The importance of the HS2 railway
I’m a believer in youth. Young people are the future and it is the duty of us oldies to lay the foundations for them to progress in their lives, which will improve the lives of generations to come. Music is, of course a huge part of my life, but my other two great passions are railways and where I live, Cheshire. HS2, the high-speed rail network from London to Birmingham and to Manchester and Leeds, is being built to improve the UK economy through investment. It will get us moving quicker and open up cities and areas we once thought were inaccessible because it took hours to get there.
In the future, on HS2, a journey between Manchester and Crewe could be around 18 minutes. It would mean businesses would no longer need to cram into London because they can have an office in Crewe, Liverpool, Manchester, Warrington or anywhere else. It becomes far easier to commute all over the UK. It can take up to 1 hour 40 minutes or more to travel into London from outside the city and on some nights it has taken me around an hour to travel across central London. London can’t take any more businesses, it’s virtually at bursting point. Prices of property are astronomical, floor space in an office is premium and at ridiculous rates. Our rail network, although it’s been upgraded since the late fifties has never been radically changed.
If you could travel between London and the North West (and the North) in effectively one hour, the whole way the country does business and lives will be changed. I could be past Crewe, which could probably become the second biggest roundabout on a railway network in Britain after Clapham Junction, and on my way to Manchester in 55 minutes.There are lots of skills and lots of outstanding schools and colleges in Cheshire and in the North, but a lot of the talent here has to leave or travel to other areas actually to find employment. But if those businesses come to Cheshire, the quality of life here would be even better than it is now. People would be able to set up businesses and do business anywhere in the country rather than struggle with travel to London or Leeds.
They would make more money all while living in a county which has breath-taking countryside, home-grown cheese, wine, gin, ice cream, Chester, forests, castles, beautiful walks, outdoor trails, a zoo, country pubs, incredible restaurants, amazing sport and an ever-growing list of things to do and see. Another thing that people forget is Cheshire and Staffordshire have an enormous food export industry which is phenomenally successful. We have a lot of green land to keep the cows happy and it’s staggering to see government statistics about food export in the North West. We’ve also got world-beating technology here, for example we’ve got Jodrell Bank where a massive four out of five international telephone calls goes through, as well as Britain’s email and texts. It’s phenomenal. It looks like a great big telescope for looking at the stars, but it is in fact helping us to communicate faster – and it’s a great setting for a music festival, like the impressive Bluedot.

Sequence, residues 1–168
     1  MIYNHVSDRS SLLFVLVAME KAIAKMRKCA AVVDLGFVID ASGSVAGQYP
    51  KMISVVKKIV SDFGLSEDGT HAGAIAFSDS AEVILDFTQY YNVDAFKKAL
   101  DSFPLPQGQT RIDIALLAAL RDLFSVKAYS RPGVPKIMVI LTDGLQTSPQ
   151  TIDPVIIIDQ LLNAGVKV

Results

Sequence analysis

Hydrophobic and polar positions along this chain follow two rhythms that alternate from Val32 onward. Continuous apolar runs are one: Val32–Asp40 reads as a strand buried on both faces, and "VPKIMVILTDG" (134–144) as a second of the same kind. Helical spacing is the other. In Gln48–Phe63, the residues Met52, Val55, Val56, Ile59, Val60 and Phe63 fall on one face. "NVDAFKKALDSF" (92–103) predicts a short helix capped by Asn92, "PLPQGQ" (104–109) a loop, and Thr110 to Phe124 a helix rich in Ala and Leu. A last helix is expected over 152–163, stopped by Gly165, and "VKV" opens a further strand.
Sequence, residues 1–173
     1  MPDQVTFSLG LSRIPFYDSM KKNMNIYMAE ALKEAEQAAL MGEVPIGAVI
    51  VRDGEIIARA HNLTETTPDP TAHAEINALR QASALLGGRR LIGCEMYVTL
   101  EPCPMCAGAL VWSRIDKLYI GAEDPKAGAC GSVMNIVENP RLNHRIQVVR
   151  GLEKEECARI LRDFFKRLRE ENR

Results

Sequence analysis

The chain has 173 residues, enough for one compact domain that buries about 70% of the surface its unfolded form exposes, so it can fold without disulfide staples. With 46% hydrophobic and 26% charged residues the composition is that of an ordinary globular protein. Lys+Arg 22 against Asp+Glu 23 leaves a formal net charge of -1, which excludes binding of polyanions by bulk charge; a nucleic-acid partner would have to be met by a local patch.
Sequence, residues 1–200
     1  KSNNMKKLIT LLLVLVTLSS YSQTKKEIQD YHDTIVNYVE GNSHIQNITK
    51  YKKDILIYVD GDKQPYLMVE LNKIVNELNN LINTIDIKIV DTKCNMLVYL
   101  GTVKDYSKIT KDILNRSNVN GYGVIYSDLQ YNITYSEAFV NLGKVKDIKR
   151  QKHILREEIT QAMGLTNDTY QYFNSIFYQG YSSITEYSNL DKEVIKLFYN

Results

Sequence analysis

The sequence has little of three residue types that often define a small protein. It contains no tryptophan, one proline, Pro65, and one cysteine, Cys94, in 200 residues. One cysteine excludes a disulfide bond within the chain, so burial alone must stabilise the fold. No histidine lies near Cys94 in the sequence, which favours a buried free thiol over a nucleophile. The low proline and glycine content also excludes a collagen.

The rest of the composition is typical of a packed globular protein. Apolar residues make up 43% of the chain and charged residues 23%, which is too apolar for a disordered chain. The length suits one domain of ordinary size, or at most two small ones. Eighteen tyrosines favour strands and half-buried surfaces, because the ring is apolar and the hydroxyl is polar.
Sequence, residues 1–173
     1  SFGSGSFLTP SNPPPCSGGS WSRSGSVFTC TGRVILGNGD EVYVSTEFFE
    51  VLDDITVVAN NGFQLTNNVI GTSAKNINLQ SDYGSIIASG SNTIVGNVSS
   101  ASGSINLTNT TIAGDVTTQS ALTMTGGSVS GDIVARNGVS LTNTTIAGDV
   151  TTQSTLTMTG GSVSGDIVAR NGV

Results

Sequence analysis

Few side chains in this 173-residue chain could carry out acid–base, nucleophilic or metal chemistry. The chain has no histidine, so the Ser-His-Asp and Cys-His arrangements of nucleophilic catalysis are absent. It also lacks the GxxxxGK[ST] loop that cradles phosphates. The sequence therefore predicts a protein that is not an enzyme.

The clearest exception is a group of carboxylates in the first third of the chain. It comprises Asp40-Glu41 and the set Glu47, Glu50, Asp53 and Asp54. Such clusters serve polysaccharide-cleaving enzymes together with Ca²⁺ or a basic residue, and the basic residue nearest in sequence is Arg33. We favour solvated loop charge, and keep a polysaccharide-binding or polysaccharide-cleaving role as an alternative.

Music is a huge part of our culture and it is the blood pumping through the vein of a country which is on the brink of a prosperous future by linking Cheshire and other regions with each other. Just as the HS2 railway will connect people with businesses, music connects people with each other and this is why I have created a playlist for MIPIM. When I appear at MIPIM with Jackie Sadek, the independent chair of the Northern Gateway Development Zone, I will be explaining why this green county is already a world class place for technology companies, food export, science and manufacturing. We’re talking as investors and people who are going about changing the whole face of Cheshire and the UK. But we’re older than people who buy JP Cooper records – the first artist on my playlist, and chosen because new music and the interests of the younger generation should be a huge consideration for investors.
I’ve put a couple of oldies on there for particular reasons – like ELO, Glenn Miller and French singer, Charles Trenet – to prove that we still have a good ear for a tune. I’m lucky enough to work for the BBC once a week and I play around 30 records in about two hours and I balance it between the 40s, 50s, 60s, 70s, 80s and 90s. But half of the show is always new records, even if my audience is in their 50s or older I make sure I don’t exclude new records because they are great pieces of music and new music comes along to remind us oldies that the next generation is as excited about music and life as we were.In the same respect, HS2 and the Northern Gateway Development Zone are not for our generation and I hope that is music to the ears of any young person reading this. We must remember we are doing all this to make life for the next generation and the next generation after that better and more connected.